June was a really slow reading month for me as it was the end of the school year which is often the busiest time at work for me. Long story short, I didn’t finish two books on June’s list so I put them back on my summer reads list! Here’s what I’m hoping to read during these long summer nights : )
The Mothers: Brit Bennett
Set within a contemporary black community in Southern California, Brit Bennett’s mesmerizing first novel is an emotionally perceptive story about community, love, and ambition. It begins with a secret.
“All good secrets have a taste before you tell them, and if we’d taken a moment to swish this one around our mouths, we might have noticed the sourness of an unripe secret, plucked too soon, stolen and passed around before its season.”
It is the last season of high school life for Nadia Turner, a rebellious, grief-stricken, seventeen-year-old beauty. Mourning her own mother’s recent suicide, she takes up with the local pastor’s son. Luke Sheppard is twenty-one, a former football star whose injury has reduced him to waiting tables at a diner. They are young; it’s not serious. But the pregnancy that results from this teen romance—and the subsequent cover-up—will have an impact that goes far beyond their youth. As Nadia hides her secret from everyone, including Aubrey, her God-fearing best friend, the years move quickly. Soon, Nadia, Luke, and Aubrey are full-fledged adults and still living in debt to the choices they made that one seaside summer, caught in a love triangle they must carefully maneuver, and dogged by the constant, nagging question: What if they had chosen differently? The possibilities of the road not taken are a relentless haunt.
In entrancing, lyrical prose, The Mothers asks whether a “what if” can be more powerful than an experience itself. If, as time passes, we must always live in servitude to the decisions of our younger selves, to the communities that have parented us, and to the decisions we make that shape our lives forever
It’s Not Supposed To Be This Way: Lysa Terkeurst
New York Times bestselling author Lysa TerKeurst unveils her heart amid shattering circumstances and shows readers how to live assured when life doesn’t turn out like they expected.
What do you do when God’s timing seems questionable, His lack of intervention hurtful, and His promises doubtful?
Life often looks so very different than we hoped or expected. Some events may simply catch us off guard for a moment, but others shatter us completely. We feel disappointed and disillusioned, and we quietly start to wonder about the reality of God’s goodness.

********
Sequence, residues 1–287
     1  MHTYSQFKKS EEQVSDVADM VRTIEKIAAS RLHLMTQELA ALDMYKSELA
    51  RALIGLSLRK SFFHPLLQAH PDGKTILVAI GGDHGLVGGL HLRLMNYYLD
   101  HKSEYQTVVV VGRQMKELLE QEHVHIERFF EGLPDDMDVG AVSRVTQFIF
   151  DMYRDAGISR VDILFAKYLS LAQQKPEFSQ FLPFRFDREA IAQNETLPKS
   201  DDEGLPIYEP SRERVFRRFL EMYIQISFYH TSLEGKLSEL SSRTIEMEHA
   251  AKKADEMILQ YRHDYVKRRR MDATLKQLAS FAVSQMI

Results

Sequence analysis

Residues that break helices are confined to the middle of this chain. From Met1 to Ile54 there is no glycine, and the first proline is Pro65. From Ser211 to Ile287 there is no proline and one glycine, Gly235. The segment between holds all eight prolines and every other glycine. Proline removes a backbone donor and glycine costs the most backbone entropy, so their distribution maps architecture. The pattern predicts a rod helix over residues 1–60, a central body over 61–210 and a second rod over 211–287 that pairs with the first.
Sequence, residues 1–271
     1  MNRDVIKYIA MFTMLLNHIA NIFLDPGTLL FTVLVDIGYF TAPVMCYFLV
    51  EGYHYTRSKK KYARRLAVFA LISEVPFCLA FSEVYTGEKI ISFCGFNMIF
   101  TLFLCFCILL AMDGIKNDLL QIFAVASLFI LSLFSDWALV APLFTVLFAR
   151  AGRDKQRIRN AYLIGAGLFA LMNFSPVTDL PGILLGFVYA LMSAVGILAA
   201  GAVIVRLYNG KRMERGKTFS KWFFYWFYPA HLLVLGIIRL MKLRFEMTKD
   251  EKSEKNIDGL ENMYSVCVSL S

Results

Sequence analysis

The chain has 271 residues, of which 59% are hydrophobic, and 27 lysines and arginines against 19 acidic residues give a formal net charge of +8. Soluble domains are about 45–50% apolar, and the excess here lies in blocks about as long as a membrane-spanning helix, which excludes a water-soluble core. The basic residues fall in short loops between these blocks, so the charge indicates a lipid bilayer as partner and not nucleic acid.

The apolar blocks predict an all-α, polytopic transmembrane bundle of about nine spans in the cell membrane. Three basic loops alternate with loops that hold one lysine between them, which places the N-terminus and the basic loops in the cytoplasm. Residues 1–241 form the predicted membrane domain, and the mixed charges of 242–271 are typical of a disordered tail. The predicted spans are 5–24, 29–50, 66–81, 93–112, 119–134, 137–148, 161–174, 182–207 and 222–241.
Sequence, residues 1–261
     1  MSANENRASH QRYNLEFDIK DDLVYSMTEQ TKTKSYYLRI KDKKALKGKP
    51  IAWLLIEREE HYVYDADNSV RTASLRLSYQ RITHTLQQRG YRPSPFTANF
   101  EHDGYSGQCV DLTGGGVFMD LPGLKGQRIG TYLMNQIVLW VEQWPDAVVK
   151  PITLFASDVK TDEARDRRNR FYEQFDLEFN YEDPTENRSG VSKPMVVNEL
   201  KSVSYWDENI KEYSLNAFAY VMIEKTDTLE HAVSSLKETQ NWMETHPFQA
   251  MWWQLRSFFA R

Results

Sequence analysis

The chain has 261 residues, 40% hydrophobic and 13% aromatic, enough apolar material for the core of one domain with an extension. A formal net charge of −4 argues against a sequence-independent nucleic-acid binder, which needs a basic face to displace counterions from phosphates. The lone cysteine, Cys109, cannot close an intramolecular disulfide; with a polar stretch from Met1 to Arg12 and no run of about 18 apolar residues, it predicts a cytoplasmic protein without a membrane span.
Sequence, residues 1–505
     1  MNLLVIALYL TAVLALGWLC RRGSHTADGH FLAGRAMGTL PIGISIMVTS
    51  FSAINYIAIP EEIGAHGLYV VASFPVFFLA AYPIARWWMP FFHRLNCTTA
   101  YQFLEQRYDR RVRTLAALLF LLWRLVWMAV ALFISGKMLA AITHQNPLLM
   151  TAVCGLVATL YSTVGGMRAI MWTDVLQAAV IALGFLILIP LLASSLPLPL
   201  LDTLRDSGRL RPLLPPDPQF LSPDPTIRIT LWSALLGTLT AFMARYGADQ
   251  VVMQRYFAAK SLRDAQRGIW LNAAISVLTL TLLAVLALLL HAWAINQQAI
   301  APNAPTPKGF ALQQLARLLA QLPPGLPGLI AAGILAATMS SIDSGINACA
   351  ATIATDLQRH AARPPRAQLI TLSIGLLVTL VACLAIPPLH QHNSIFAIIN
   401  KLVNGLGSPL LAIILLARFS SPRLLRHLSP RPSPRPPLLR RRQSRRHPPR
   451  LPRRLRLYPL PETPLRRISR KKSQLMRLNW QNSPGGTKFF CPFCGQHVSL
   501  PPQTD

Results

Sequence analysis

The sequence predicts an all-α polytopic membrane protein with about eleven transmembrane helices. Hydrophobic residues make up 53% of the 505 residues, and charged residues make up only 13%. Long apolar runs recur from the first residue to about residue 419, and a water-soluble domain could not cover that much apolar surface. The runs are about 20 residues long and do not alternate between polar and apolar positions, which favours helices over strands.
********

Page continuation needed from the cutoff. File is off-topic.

Lysa TerKeurst understands this deeply. But she’s also discovered that our disappointments can be the divine appointments our souls need to radically encounter God. In It’s Not Supposed to Be This Way, Lysa invites us into her own journey of faith and, with grit, vulnerability, and honest humor, helps us to:
* Stop being pulled into the anxiety of disappointment by discovering how to better process unmet expectations and other painful situations.
* Train ourselves to recognize the three strategies of the enemy so we can stand strong and persevere through unsettling relationships and uncertain outcomes.
* Discover the secret of being steadfast and not panicking when God actually does give us more than we can handle.
* Shift our suspicion that God is cruel or unfair to the biblical assurance that God is protecting and preparing us.
* Know how to encourage a friend and help her navigate hard realities with real help from God’s truth
Just Say No: Omar Tyree
Best friends since childhood, Darin Harmon and John Williams are young men on the brink of realizing their dreams. For John, it’s his music; for Darin, football. When Darin suffers an injury that closes the door on his sports aspirations, he reluctantly follows his friend into the music scene and quickly gets swept up in promoting John’s new “Loverboy” identity to R&B superstardom. But the celebrity lifestyle of big-time money, fast women, and easy drugs quickly takes it toll, and the friends find themselves at a crossroads that will forever shape each of their futures.
As only he can, Omar Tyree delivers another urban classic filled with irresistible characters you won’t forget
This is a re-read for me. I first read this book in high school and absolutely fell in love with the characters and this story. I used to read this book once a year ( if my bestie Steph is reading this she’s probably laughing at me) I actually read this book so many times, that my original copy fell apart! ( shout out to Steph for gifting me with a new copy a few years ago 🙂 ) I’m looking forward to delving back into this book this summer.
I Know Why The Caged Bird Sings: Maya Angelou
Sent by their mother to live with their devout, self-sufficient grandmother in a small Southern town, Maya and her brother, Bailey, endure the ache of abandonment and the prejudice of the local “powhitetrash.” At eight years old and back at her mother’s side in St. Louis, Maya is attacked by a man many times her age—and has to live with the consequences for a lifetime. Years later, in San Francisco, Maya learns that love for herself, the kindness of others, her own strong spirit, and the ideas of great authors (“I met and fell in love with William Shakespeare”) will allow her to be free instead of imprisoned.